"If a kid comes from a regional programme at a young age, they’ll only come to Dublin for the weekend - Friday and Saturday.
"As they progress through the ages it becomes a bit more intense. Up until 12 years of age, they really only have to come to Dublin for the weekend. After that they need to come Dublin midweek as well as the weekends."
Tennis Ireland is based in Dublin City University on the capital's north side and is home to Ireland's National Tennis Academy. Courts have been refurbished across from the college in Albert College Park and a small gym can be found on-site. Athletes also avail of gym facilities on-campus, the same available to some Dublin inter-county GAA players and that was available to Dundalk's squad who competed in the Europa League last season.
"The centre itself has about 65 or 70 that are involved within our programmes at the Academy. We’ve nine coaches and two physical trainers in here as well with us. The groups are spread out among the coaches."
Garry Cahill watches on at the Davis Cup in 2011. Image: ©INPHO/Dan Sheridan
As high performance director, Cahill's role has changed to a less hands-on role with young Irish talent coming through the system.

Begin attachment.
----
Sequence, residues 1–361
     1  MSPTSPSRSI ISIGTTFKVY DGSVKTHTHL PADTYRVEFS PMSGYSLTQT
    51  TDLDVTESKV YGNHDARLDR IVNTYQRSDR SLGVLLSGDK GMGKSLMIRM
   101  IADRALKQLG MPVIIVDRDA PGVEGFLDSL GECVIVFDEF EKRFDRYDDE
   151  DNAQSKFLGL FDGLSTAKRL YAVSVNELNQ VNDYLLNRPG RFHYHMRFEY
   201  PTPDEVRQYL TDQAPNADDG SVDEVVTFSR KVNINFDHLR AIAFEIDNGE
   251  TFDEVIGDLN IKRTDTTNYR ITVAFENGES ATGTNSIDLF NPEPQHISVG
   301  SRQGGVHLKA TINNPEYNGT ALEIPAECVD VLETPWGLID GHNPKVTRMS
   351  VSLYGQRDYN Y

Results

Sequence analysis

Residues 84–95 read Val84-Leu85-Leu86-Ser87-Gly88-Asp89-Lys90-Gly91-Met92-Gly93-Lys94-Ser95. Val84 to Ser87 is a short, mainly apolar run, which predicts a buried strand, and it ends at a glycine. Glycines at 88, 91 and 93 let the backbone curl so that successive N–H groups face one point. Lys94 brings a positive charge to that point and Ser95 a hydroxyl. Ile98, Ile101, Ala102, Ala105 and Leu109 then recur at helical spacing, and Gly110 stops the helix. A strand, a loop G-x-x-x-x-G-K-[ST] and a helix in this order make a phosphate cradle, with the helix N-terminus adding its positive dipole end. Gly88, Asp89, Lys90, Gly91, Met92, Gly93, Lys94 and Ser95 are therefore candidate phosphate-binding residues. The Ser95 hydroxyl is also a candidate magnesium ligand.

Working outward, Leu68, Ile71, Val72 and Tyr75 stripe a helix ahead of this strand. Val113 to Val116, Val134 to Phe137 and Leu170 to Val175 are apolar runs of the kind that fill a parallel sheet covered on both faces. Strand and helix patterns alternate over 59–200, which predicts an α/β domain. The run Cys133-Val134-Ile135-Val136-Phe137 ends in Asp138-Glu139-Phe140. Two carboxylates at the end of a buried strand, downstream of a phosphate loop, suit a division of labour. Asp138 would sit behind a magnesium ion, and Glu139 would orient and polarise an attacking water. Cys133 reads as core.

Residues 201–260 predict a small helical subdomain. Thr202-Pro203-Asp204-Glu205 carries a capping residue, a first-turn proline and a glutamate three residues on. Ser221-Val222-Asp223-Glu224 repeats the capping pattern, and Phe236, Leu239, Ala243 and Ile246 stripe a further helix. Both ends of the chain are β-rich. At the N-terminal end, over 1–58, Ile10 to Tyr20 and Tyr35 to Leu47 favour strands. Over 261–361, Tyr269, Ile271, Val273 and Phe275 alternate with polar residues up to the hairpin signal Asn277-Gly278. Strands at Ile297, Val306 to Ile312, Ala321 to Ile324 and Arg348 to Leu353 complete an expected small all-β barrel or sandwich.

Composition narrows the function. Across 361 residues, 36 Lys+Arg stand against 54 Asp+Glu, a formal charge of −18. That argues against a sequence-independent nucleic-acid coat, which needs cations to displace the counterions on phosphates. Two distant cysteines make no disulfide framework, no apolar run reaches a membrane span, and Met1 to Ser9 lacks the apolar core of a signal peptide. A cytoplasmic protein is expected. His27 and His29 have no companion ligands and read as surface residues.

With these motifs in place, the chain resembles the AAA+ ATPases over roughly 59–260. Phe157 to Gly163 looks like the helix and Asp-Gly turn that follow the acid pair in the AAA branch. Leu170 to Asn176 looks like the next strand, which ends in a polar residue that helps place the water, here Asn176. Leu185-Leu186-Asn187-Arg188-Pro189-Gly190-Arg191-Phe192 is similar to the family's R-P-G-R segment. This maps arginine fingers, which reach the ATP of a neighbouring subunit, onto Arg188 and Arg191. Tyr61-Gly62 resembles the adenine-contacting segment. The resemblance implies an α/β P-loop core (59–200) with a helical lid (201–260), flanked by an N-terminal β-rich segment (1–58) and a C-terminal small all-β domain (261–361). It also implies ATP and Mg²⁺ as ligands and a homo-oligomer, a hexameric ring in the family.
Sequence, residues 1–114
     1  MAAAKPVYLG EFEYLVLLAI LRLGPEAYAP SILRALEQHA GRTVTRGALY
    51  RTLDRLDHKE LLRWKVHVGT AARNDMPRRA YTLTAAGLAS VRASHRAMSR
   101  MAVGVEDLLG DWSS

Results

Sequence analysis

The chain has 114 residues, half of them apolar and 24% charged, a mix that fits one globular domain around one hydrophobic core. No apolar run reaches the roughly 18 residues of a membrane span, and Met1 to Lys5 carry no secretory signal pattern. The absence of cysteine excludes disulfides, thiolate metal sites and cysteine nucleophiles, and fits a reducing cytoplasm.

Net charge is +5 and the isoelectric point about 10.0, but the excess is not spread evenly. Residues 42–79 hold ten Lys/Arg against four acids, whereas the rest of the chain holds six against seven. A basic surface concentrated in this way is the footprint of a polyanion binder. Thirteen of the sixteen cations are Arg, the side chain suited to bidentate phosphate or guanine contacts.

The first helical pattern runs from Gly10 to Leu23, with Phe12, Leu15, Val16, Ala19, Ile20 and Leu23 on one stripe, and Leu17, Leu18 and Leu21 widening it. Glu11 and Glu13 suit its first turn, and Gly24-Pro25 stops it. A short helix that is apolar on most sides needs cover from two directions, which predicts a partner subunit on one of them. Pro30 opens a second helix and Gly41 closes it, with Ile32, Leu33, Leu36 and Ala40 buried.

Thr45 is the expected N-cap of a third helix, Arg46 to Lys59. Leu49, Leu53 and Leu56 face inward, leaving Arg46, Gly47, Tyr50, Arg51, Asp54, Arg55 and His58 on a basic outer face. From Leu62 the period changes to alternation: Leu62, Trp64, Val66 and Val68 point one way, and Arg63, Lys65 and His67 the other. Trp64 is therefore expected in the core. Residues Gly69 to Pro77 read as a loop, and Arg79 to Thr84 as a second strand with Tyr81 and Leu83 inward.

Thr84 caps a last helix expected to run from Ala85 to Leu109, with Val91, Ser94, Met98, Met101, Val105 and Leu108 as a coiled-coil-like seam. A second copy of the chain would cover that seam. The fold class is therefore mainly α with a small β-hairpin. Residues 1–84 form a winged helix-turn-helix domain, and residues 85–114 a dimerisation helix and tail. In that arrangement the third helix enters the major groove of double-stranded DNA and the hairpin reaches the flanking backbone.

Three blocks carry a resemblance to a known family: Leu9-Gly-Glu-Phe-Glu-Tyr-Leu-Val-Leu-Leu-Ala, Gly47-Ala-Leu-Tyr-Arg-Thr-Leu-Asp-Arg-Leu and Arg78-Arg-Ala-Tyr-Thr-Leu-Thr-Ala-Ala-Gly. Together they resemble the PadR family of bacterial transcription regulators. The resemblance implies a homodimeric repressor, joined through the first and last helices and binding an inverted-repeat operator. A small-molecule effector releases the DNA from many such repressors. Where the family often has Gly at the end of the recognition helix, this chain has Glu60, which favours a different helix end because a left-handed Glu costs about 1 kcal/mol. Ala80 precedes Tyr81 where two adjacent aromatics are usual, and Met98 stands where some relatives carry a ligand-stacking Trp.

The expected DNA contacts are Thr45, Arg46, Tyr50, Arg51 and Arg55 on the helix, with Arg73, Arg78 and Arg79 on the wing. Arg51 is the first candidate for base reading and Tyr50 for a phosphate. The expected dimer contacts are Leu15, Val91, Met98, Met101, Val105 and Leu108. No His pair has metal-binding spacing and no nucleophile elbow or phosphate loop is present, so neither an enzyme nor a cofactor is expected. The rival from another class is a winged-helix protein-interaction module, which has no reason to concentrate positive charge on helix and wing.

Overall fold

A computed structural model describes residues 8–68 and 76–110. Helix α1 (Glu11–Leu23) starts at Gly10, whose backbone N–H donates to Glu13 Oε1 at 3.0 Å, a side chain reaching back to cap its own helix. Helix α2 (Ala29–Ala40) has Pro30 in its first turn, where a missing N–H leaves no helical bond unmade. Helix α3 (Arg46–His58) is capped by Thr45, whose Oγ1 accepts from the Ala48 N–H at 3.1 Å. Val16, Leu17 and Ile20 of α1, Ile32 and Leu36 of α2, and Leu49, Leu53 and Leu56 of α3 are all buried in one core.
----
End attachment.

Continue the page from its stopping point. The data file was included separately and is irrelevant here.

Players are split up by age group, U10, 10-12, 12-14 and then in a transition to professional group between 14-18.
The Academy pours its attention to developing young talent, but allows a little bit more freedom when players are introduced into the transitional phase.
"At an older stage, [developing skillsets] depends on the individual. When someone gets to the stage of 16, 17 or 18, it’s completely individual. They’re not all the same, whereas the younger age groups prove to be more generic.
"At that older age, is depends on the characteristic of the athlete themselves. The amount of time they would spend on various components like speed, physical, tactical and technical, it varies from athlete to athlete.